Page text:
In the United States, by contrast, they have to sink or swim. Thus, they need to learn the ropes, mingle with the majority community, and get on with life without complaining about discrimination. European liberal tradition, on the other hand, encourages the minorities to wear the mantle of victimhood. All too often, they acquire a sense of entitlement, taking advantage of any loophole in the generous social welfare schemes to scam the system.Understandably, this causes great resentment among the majority population. Another factor feeding into the current questioning of the loyalties of the Muslim population of America is the growing price of the Iraq and Afghan wars in terms of blood and money. Many Americans, especially in the hinterland, equate the Taliban in Afghanistan, as well as the insurgents in Iraq, with the Muslims in their midst. While this is clearly unfair, it is often how people react. In fact, this is not unlike the way Pakistani, Iraqi and Egyptian Christians are being targeted by extremists, and blamed for Western policies.
Another growing fear about Muslims in the West is that their numbers are rising at a much faster rate than the host population. It is true that Muslim families tend to be larger than those of white Europeans; however, there are distinct signs that this rapid rate of increase is falling, and in the next couple of decades, will be close to Western norms. However, many in the West, seeing growing numbers of Islamic symbols such as the hijab, the niqab, and long, unkempt beards, are alarmed at what they see as the takeover of their society.
These are the alarmist attitudes that spur politicians to take an increasingly anti-Islamic stance. As I wrote recently, ‘immigrants’ has become a codeword for Muslims. Nevertheless, according to a 2010 study conducted by the Pew Research Centre, 42 per cent of Americans say that Islam does not encourage violence more than other religions, as against 35 per cent who say it does. Even more positively, 62 per cent say Muslims should have the same right to build places of worship in their neighbourhoods as followers of any other faith. I wonder what a similar survey would reveal about our generosity of spirit when asked about the right of Christians to build churches, or Hindus to build temples here in Pakistan.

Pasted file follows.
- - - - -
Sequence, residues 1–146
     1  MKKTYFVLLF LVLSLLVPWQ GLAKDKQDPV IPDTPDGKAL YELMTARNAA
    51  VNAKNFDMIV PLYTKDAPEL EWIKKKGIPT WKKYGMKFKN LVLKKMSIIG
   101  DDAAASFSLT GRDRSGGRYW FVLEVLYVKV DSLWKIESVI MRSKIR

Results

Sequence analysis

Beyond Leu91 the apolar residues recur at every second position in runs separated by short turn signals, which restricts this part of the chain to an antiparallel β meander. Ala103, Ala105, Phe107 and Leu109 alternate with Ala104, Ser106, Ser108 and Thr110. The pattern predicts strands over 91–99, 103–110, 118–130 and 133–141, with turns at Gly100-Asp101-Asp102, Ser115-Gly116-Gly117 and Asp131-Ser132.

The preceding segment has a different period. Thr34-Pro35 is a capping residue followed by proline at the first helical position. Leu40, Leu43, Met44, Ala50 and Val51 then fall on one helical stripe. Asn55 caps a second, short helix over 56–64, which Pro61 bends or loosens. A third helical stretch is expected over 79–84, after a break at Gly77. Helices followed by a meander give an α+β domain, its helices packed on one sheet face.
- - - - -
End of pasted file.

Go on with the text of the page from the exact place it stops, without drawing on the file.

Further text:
However, as the recent furore over the proposal to build an Islamic centre near Ground Zero in New York showed, there are some red lines even in a largely liberal society that Muslims would do well not to cross. Clearly, it is up to a migrant community to reassure their hosts. Just as a guest should not indulge in menacing or offensive words or deeds when welcomed into somebody’s home, so too do economic and political refugees have the obligation not to alarm the majority population through their rhetoric or attitudes. And if they do, they should not complain of Islamophobia.